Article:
Members of the notorious street gangs, the Bloods and the Crips, have united in cities across the country to protest the rash of police violence this nation continues to face. The rival gangs have a long history of violence between themselves, the police and the public. Coming together in protest is also a part of their history. Since their inception in the 1970s, the Bloods and Crips have united against the police when the times call for it. With the rash of police killings of black men, these times definitely call for it.
Members of the rival gangs marched together on Friday in Atlanta, tying their blue and red bandannas together in an act of solidarity. Huge crowds of protesters took to the interstate, blocking much of I-75 for hours. Atlanta has been host to some of the largest protests in the wake of the Alton Sterling and Philandro Castile shootings. Following the lead of protesters in Minnesota, protesters marched to and surrounded the governor’s house, wanting to address the governor and police leaders. All in all, the protests in Atlanta have not resulted in widespread hostility from police, like we have seen in places like Baton Rouge.
Bloods and Crips in Baton Rouge also showed their ability to put aside their differences and come together to speak out. Two gang members, one from either side, spoke out on live television. “Because, black lives….all lives actually. We’re making a statement. We’re making a point. All this racism, targeting people, individuals, is not cool,” the man in the blue bandanna said. The gang members made it clear that they believe the government and police want us divided. “We are all unified as one,” says an unidentified female gang member. “We are all moving as one, and it’s so beautiful to see my people, and so many other people and different races coming together and making a stance…saying, ‘you know what? We’re tired. We’re tired of it.’”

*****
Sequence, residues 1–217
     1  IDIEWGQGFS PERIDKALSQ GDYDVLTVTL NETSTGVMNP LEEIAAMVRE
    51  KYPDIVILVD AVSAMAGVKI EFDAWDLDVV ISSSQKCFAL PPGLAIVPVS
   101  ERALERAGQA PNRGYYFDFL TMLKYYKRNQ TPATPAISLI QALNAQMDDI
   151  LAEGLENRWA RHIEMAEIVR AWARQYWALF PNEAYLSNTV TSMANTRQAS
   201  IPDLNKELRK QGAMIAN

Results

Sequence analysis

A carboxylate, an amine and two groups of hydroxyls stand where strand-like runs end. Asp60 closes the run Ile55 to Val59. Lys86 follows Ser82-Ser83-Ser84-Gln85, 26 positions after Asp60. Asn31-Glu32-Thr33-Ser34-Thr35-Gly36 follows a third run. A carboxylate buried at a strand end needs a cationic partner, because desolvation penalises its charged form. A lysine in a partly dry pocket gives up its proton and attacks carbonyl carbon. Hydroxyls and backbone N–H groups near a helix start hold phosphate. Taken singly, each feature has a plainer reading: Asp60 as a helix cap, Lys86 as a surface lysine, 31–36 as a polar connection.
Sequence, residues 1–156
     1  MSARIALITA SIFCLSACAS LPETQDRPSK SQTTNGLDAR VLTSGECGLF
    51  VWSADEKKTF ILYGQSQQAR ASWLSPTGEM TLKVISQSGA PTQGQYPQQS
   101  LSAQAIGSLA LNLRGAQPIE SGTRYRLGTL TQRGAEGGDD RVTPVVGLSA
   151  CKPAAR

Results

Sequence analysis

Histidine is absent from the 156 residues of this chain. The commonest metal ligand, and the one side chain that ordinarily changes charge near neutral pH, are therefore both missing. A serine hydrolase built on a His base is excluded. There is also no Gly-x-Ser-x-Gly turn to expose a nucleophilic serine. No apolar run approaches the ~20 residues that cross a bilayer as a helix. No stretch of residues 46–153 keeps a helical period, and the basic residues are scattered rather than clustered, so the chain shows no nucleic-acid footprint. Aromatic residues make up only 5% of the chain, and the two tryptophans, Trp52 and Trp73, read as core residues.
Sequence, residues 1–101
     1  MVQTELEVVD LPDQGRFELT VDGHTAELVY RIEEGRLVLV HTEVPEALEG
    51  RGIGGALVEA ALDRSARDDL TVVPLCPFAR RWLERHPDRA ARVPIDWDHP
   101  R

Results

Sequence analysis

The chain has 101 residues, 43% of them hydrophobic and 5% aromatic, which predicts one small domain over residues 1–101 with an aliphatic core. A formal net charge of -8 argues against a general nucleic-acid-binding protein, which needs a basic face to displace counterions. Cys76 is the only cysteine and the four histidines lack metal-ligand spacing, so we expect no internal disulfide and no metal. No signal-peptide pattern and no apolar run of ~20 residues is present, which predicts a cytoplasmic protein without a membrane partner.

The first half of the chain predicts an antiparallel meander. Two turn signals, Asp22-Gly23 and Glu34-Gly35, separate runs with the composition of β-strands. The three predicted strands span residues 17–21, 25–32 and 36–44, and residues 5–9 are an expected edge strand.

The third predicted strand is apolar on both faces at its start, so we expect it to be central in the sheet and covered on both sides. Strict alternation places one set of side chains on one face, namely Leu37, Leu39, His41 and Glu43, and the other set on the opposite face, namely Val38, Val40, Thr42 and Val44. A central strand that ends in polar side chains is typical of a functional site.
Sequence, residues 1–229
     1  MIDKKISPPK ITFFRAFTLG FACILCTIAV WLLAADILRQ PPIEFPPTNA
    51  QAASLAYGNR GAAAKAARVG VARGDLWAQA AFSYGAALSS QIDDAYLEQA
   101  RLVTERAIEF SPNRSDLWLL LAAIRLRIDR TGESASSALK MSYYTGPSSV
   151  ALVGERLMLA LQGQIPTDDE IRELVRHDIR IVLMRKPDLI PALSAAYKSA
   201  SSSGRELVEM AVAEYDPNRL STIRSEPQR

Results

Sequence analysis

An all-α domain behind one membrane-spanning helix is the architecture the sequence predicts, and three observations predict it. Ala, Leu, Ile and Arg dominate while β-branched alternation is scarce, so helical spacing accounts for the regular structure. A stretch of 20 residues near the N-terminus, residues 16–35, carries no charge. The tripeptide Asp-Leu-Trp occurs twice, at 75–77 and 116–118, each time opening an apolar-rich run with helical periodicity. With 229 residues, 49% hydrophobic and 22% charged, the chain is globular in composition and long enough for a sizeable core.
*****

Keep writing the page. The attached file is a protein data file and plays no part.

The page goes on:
Snoop Dog and the Game even held a rally last week, in which he marched along side Blood and Crip members in front of the Los Angeles Police Department. The media was there to snap photos of the large and peaceful crowd.
This year isn’t the only time the Bloods and Crips have united. Scattered throughout their 50 year long street war, they have united at times throughout their history. Last year, Blood and Crip gang members united over the death of Freddy Gray in Baltimore. Police caught word that they were uniting to go after the cops, but just like the alleged war on cops, their conclusions about gang attacks were wrong. They were criticized for also teaming up with the nation of Islam and were photographed standing along side of them. “We can unite and stop killing one another,” Carlos Muhammad, a Nation of Islam minister. told The Daily Beast, “and the Bloods and the Crips can help rebuild their community.”
It is tragic that it takes the death of community member in order for differences to be put aside and people to come together. The uniting of deadly adversaries speaks to the incredible ability we have to rise above petty problems and to focus on the challenges that lie ahead for all of us.
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